|(2)||The collective allowance recognized in Corporate and Other consists of the collective allowance on credit cards, personal and scored small business loans delinquent less than 30 days; mortgages less than 90 days; and all unimpaired business and government loans. The change in the collective allowance under IFRS that is disclosed as an item of note is calculated on a basis consistent with the change in the general allowance previously disclosed as an item of note under Canadian GAAP. Under Canadian GAAP, the reduction in the provision for credit losses for the three months ended October 31, 2011 was $14 million (after-tax reduction of $10 million), and for the three months ended April 30, 2011 the reduction was $16 million (after-tax reduction of $12 million). The transition to IFRS resulted in an incremental reduction in the collective allowance recognized in Corporate and Other of $12 million (after-tax reduction of $9 million) for the three months ended October 31, 2011, and an incremental reduction in the collective allowance recognized in Corporate and Other of $34 million (after-tax reduction of $24 million) for the three months ended April 30, 2011. The adjustment to the change in the general allowance disclosed as an item of note under Canadian GAAP resulted from the change in the collective allowance for credit card receivables that are on balance sheet under IFRS.|
|(3)||No impairment of the goodwill relating to CIBC FirstCaribbean was recognized under Canadian GAAP.|
|(4)||No loss from MTM volatility prior to the establishment of hedges was recognized under Canadian GAAP.|
Impact on financial results of reporting segments
A detailed breakdown of the results under IFRS by reporting segments, for each quarter and for the year ended October 31, 2011, is included in our supplementary financial information. A summary of the cumulative impact of the adoption of IFRS on the results of our strategic business units and Corporate and Other, for the year ended October 31, 2011, is as follows:
|$ millions, for the year ended October 31, 2011||Banking||Management||Banking||and Other||Total|
|Net interest income||$||5,882||$||179||$||732||$||(443)||$||6,350|
|Provision for (reversal of) credit losses||1,072||4||32||(267)||841|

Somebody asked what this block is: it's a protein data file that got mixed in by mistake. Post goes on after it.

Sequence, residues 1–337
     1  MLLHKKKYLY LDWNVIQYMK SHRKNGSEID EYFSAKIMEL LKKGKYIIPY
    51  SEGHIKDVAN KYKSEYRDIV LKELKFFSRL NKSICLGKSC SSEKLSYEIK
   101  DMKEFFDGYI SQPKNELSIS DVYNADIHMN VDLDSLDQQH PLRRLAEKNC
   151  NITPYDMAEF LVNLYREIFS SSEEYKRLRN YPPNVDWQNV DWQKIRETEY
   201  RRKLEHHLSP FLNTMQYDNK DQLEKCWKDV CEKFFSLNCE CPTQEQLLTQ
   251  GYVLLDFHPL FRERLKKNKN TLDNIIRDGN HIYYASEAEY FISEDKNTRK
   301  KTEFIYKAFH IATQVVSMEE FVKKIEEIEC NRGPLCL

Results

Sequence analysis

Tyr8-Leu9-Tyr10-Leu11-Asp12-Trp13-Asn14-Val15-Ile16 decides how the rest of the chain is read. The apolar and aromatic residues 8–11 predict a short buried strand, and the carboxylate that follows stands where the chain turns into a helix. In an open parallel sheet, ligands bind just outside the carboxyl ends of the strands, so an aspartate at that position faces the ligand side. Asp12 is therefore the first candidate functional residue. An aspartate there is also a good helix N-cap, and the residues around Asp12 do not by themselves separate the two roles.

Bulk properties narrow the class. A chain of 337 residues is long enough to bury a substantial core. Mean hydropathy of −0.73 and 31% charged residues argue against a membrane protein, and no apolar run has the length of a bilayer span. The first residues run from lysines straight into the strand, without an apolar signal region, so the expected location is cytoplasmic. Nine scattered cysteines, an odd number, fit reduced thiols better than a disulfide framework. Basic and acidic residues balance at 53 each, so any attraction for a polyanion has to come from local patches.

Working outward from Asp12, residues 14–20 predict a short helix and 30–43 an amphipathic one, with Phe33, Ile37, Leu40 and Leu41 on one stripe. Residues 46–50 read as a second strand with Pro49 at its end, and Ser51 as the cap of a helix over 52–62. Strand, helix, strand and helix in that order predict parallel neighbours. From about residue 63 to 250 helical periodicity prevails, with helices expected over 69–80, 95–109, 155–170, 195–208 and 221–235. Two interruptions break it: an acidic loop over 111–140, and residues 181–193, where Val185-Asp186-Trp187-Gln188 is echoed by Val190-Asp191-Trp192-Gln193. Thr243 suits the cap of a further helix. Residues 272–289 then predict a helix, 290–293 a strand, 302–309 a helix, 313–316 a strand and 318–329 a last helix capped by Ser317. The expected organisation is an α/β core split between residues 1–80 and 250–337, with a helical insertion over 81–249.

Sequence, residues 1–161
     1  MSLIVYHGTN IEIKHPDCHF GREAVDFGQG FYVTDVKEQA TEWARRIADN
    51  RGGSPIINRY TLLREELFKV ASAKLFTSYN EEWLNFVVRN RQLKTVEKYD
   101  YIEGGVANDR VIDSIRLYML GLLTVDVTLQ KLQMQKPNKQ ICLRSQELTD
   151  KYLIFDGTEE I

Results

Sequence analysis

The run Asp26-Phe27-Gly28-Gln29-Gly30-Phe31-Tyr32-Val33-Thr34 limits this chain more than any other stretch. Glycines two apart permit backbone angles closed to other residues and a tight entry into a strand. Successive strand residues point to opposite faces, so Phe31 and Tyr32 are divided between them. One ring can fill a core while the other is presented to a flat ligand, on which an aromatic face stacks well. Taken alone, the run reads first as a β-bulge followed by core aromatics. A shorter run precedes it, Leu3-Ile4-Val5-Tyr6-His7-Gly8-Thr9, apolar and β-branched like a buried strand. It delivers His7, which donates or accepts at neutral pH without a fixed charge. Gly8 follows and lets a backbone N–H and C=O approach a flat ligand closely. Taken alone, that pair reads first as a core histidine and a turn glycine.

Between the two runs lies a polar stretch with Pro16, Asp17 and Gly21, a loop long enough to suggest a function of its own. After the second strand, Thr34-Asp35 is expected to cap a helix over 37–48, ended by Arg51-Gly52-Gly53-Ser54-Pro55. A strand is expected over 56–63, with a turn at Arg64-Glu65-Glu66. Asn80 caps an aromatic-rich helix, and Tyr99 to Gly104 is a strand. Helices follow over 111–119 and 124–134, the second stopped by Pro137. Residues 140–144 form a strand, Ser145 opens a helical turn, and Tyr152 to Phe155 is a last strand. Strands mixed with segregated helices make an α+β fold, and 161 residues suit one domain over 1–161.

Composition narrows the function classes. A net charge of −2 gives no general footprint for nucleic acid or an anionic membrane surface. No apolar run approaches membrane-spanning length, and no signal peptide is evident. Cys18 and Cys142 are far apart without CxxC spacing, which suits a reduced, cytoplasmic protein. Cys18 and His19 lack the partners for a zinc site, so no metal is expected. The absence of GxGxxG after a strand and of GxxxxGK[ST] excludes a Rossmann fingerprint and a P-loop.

|Income before income taxes and NCI||2,831||391||645||191||4,058|
|Income tax expense and NCI||706||112||80||81||979|
|Net income attributable to equity shareholders||$||2,125||$||279||$||565||$||110||$||3,079|
|Net interest income||$||41||$||-||$||10||$||661||$||712|
|Provision for credit losses||24||-||15||264||303|
|Income before income taxes and NCI||84||-||(41)||(296)||(253)|
|Income tax expense and NCI||25||-||(18)||(48)||(41)|
|Net income (loss) attributable to equity shareholders||$||59||$||-||$||(23)||$||(248)||$||(212)|
|Net interest income||$||5,923||$||179||$||742||$||218||$||7,062|
|Provision for (reversal of) credit losses||1,096||4||47||(3)||1,144|
|Income before income taxes and NCI||2,915||391||604||(105)||3,805|
|Income tax expense and NCI||731||112||62||33||938|
|Net income (loss) attributable to equity shareholders||$||2,184||$||279||$||542||$||(138)||$||2,867|
The impact of IFRS on the financial results of our reporting segments included the following:
- The increase in net income attributable to equity shareholders in Retail and Business Banking was mainly due to adjustments for employee benefits and share-based payment awards of $96 million ($65 million after-tax), net of securitization related adjustments.
- Adjustments relating to employee benefits and share-based payment awards largely offset in Wealth Management.
- The decrease in net income attributable to equity shareholders in Wholesale Banking included lower revenue in the structured credit run-off business of $8 million ($6 million after-tax), reduced leverage lease revenues of $12 million ($7 million after-tax), increased litigation reserves of $11 million ($6 million after-tax), the elimination of a positive credit valuation adjustment of $13 million ($9 million after-tax) relating to seller swaps not recognized under IFRS, net of increased revenue of $21 million ($11 million after-tax) on leveraged loans.
- The decrease in net income attributable to equity shareholders in Corporate and Other includes the $203 million CIBC FirstCaribbean goodwill impairment charge and securitization and consolidation related adjustments of $25 million ($18 million after-tax).
Impact on equity
|$ millions, as at||Oct. 31||Jul. 31||Apr. 30||Jan. 31||Nov. 1|
|Accumulated other comprehensive income (AOCI)||(487)||(589)||(721)||(535)||(361)|
|Total shareholders' equity||$||17,340||$||16,718||$||16,442||$||16,177||$||15,790|
|Total shareholders' equity and NCI||$||17,504||$||16,874||$||16,598||$||16,340||$||15,958|
|Total shareholders' equity||$||(1,413)||$||(1,265)||$||(1,100)||$||(1,198)||$||(1,159)|
|NCI within equity (1)||-||-||1||-||-|
|Total shareholder's equity||$||15,927||$||15,453||$||15,342||$||14,979||$||14,631|
|NCI within equity (1)||164||156||157||163||168|
|(1)||Under Canadian GAAP, NCI are classified outside of equity but are presented within total equity under IFRS. This reclassification adjustment did not impact consolidated net assets.|
The adjustments to retained earnings for the first through fourth quarters of 2011 were due to differences in retained earnings in the opening IFRS consolidated balance sheet and quarterly differences in net income, as described above.
The adjustments to AOCI mainly related to the transition accounting election to recognize the $575 million cumulative foreign currency translation adjustments account included in AOCI as at November 1, 2010 under Canadian GAAP into retained earnings under IFRS and the measurement of private available-for-sale equity instruments to fair value through OCI under IFRS.
Impact on regulatory capital and other ratios